Illumina, a provider of DNA sequencing and array-based technologies, and Nashville Biosciences, a wholly owned subsidiary of Vanderbilt University Medical Center (VUMC), today announced an agreement with Amgen, a global biopharmaceutical company, to whole-genome sequence approximately 35,000 DNA samples.
The sample cohort is primarily made up of DNA from African Americans, who are currently underrepresented in research for the clinical applications of genomics, including drug target discovery. This cohort will be the largest data set of genomes of its kind to date.
It's widely recognized that most genomic data sets are drawn from people of European ancestry. This lack of diversity in genomic data has created a gap in the scientific understanding of the underlying genetic causes of disease and inhibits equitable access to precision health therapies.
Sequencing this set of samples is the first in Illumina and Nashville Biosciences' Alliance for Genomic Discovery (AGD), a multiyear agreement to accelerate therapeutic development through large-scale genomics and establish a preeminent clinico-genomic data set.
Launched in 2022, the AGD aims to whole-genome sequence at least 250,000 de-identified human DNA samples from VUMC's BioVU biobank over two and a half years in collaboration with multiple biopharmaceutical companies. The BioVU samples were extracted from blood collected during routine clinical testing. The patients who provided them consented to research use, and the samples are linked to extensive de-identified clinical data derived from VUMC's electronic medical records.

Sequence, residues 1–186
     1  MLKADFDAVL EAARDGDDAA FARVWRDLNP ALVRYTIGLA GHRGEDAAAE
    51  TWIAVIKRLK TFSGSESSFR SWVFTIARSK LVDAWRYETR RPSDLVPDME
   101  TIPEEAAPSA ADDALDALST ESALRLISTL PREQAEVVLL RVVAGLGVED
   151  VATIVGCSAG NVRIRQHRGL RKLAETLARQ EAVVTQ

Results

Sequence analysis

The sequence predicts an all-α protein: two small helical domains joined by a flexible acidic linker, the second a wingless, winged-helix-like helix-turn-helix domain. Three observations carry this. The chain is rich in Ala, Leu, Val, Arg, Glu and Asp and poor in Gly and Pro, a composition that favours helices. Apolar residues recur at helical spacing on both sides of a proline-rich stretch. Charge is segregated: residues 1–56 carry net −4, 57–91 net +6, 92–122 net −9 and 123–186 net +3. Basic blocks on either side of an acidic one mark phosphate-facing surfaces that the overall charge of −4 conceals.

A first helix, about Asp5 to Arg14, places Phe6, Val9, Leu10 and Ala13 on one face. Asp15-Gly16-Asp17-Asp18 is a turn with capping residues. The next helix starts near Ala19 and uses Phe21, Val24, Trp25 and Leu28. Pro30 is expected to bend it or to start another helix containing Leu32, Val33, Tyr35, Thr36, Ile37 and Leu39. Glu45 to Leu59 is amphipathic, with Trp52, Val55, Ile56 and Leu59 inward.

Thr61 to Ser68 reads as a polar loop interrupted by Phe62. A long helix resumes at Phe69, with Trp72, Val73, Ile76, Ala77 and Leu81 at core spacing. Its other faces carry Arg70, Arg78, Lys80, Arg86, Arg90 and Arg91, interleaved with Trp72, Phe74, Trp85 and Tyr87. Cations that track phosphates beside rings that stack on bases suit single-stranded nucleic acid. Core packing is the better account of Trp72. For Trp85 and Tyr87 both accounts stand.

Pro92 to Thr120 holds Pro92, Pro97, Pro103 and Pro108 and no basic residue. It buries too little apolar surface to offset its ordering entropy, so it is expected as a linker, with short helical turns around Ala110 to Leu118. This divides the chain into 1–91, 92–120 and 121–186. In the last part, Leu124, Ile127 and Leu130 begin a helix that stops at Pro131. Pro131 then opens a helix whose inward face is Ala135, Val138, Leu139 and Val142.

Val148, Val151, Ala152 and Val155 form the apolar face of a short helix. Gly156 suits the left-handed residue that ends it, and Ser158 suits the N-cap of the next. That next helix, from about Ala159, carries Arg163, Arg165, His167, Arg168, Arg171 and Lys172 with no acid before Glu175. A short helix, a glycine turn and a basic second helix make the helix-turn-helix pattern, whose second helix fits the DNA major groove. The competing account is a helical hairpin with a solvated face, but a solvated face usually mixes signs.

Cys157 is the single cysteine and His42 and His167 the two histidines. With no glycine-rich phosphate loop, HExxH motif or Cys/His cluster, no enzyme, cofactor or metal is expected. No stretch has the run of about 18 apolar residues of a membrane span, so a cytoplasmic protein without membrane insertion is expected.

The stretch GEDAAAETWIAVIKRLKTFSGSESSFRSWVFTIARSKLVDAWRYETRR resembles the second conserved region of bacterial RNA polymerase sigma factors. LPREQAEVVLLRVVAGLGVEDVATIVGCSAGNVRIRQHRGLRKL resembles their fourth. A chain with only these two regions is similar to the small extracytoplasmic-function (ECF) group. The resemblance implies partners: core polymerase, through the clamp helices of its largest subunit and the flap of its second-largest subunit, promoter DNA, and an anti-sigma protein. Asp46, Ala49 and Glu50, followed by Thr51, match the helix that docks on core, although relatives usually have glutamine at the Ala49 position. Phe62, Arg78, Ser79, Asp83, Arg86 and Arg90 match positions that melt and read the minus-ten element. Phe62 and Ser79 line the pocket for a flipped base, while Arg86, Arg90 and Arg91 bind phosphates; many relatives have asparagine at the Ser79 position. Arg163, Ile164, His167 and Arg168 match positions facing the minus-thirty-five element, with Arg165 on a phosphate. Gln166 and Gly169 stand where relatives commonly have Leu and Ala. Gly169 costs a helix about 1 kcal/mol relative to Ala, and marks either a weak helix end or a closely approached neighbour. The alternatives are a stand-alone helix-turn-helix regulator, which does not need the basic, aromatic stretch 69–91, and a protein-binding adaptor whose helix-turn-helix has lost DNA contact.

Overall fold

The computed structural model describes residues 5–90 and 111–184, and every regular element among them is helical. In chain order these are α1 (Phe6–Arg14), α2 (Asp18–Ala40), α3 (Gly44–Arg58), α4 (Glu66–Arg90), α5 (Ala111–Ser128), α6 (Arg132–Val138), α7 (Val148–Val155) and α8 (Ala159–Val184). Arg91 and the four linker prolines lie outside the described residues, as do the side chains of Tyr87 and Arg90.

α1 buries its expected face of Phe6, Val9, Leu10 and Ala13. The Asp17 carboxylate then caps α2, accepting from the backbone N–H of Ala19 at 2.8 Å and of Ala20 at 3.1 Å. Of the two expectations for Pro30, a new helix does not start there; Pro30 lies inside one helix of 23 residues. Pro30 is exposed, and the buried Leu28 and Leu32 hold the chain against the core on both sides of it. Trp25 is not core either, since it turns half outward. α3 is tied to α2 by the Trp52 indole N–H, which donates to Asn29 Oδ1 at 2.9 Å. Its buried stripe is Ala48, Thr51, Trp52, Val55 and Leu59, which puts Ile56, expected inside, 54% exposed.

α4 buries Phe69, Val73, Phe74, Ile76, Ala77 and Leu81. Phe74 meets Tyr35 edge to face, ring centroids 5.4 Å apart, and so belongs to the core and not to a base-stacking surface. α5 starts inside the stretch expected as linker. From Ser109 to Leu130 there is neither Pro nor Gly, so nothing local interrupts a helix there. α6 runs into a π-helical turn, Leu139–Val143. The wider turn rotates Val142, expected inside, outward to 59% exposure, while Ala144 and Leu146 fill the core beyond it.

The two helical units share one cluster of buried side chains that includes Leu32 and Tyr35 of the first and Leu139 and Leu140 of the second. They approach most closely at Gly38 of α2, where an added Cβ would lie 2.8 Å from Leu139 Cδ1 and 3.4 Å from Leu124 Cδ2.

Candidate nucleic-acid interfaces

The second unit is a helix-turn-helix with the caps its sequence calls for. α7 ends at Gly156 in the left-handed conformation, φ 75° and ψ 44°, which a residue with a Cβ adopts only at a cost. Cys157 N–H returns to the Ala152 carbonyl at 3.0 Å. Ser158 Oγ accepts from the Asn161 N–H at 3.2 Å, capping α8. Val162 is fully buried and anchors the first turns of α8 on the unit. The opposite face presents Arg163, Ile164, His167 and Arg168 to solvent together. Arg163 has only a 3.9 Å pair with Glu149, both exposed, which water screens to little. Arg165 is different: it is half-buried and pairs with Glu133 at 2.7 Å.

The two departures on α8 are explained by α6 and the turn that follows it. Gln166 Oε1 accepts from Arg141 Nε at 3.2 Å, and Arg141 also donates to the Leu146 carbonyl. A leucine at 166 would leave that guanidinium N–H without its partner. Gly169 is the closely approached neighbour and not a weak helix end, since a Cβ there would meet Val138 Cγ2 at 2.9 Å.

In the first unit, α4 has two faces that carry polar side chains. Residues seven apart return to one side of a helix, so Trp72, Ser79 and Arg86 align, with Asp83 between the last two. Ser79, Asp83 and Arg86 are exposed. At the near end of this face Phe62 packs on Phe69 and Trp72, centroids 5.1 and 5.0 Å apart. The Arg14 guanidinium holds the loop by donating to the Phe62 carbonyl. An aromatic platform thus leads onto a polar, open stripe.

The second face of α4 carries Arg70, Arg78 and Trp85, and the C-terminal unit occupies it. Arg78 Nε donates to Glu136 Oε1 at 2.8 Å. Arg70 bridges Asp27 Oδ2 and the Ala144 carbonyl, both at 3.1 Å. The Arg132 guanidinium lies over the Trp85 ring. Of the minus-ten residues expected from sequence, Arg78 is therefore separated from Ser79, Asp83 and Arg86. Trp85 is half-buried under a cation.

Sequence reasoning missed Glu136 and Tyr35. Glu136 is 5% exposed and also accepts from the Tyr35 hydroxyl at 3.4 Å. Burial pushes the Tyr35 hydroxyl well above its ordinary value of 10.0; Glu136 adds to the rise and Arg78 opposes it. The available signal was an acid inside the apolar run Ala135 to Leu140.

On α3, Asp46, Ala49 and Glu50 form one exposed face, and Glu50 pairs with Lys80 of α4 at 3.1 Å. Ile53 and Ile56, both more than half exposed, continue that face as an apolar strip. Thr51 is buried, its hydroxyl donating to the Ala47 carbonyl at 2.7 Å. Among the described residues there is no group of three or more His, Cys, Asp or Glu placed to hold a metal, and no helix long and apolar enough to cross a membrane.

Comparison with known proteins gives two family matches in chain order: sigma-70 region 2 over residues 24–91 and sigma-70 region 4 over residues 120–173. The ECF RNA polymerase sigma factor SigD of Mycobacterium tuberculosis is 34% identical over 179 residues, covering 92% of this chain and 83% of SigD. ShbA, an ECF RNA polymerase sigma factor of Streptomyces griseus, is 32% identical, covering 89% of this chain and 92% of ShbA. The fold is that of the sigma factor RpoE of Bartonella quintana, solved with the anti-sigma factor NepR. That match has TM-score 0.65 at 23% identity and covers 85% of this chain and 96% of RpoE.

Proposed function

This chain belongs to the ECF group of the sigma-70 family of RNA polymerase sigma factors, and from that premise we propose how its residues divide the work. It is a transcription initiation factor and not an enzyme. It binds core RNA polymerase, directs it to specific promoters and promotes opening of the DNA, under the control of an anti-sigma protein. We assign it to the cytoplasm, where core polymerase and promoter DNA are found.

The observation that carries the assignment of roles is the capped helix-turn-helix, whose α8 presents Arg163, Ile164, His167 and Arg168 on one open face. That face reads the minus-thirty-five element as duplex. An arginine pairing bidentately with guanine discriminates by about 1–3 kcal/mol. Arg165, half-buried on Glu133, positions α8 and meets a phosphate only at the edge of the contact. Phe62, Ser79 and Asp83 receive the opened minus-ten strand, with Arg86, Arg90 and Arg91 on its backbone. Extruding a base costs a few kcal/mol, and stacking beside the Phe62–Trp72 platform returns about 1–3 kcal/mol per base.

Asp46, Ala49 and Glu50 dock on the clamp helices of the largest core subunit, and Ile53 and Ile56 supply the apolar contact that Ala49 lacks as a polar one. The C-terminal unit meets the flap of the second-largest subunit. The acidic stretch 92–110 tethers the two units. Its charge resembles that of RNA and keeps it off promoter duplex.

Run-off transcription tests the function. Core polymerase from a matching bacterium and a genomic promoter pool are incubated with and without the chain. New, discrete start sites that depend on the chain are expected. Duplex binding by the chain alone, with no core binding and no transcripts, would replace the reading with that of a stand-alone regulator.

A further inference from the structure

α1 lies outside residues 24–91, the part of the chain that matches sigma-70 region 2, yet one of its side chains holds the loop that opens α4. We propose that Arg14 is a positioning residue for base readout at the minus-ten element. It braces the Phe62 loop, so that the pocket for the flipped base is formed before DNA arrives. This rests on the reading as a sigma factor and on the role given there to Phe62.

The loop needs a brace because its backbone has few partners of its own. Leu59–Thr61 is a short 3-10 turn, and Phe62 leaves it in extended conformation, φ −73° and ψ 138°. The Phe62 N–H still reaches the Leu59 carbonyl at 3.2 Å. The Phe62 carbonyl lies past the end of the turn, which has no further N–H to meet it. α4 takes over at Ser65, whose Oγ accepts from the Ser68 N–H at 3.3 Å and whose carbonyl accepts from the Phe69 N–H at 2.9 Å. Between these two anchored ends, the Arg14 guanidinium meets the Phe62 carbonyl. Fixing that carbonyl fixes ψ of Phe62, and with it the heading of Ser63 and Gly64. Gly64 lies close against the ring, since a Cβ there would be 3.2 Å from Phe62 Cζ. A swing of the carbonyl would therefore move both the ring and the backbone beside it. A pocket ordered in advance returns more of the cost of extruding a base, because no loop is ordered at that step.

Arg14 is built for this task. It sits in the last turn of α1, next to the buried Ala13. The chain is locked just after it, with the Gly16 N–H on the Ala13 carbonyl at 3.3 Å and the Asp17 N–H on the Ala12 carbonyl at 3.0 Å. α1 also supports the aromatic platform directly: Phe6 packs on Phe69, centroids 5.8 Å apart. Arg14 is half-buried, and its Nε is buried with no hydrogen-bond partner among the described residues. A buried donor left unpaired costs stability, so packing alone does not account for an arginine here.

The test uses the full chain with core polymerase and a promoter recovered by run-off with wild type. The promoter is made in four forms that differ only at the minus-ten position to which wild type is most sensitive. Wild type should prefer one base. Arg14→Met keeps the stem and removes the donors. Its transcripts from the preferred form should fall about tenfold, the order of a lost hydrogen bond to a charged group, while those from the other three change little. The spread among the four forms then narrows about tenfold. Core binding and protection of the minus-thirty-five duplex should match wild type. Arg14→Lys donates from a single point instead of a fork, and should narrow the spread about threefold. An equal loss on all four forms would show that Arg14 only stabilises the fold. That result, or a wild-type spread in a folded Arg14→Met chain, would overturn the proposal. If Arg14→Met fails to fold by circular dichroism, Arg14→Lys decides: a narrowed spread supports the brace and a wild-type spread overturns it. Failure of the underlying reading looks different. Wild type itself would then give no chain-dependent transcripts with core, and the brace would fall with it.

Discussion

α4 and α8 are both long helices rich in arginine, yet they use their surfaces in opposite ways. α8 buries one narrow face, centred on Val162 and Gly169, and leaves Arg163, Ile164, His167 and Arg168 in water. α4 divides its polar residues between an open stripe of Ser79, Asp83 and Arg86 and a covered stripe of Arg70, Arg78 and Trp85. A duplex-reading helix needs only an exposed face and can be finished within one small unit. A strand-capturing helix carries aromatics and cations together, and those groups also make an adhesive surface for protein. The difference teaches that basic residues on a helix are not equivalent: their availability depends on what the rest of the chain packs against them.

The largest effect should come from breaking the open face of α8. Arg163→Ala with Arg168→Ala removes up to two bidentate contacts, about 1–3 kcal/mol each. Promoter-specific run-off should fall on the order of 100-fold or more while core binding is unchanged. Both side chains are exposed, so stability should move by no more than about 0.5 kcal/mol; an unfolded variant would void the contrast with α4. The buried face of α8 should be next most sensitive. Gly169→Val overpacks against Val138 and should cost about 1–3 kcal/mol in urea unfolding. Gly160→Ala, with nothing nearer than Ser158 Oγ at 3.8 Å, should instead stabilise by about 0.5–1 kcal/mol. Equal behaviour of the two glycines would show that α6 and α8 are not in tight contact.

"The whole-genome sequencing of these 35,000 samples will work toward greater diversity of genomic data to ultimately enable improved access to precision therapies for all people," said Joydeep Goswami, chief strategy and corporate development officer and interim chief financial officer of Illumina.
"The initial cohort will be among the largest sequencing efforts involving African Americans to date," said Leeland Ekstrom, chief executive officer of Nashville Biosciences. "Once complete, this data set will provide a wealth of new information about the human genome and accelerate the study of disease in—and discovery of new therapeutics for—populations less well represented in prior large-scale sequencing efforts. The opportunity to sequence this diverse set of samples will help broaden our understanding for individuals who have been underrepresented in genetic research and continue to experience health disparities."
As part of the agreement announced today, deCODE genetics, a wholly owned subsidiary of Amgen, will perform whole-genome sequencing on the 35,000 samples using Illumina sequencing technologies and will upload the data to the Illumina Connected Analytics platform.
"deCODE's sophisticated human data capabilities are well positioned to sequence these samples and analyze the resulting data to provide a better scientific understanding of disease through the context of human diversity," said Kári Stefánsson, founder of deCODE genetics. "Insights from human data, including both genetics and clinical records, can help inform how medicines may affect different patient populations."
Pharma and biotech collaborators that plan to participate in the AGD and in further sequencing may soon be announced. Researchers will analyze the data for drug discovery and therapy development. The data will also be returned to BioVU to be made available for academic research within the Vanderbilt community.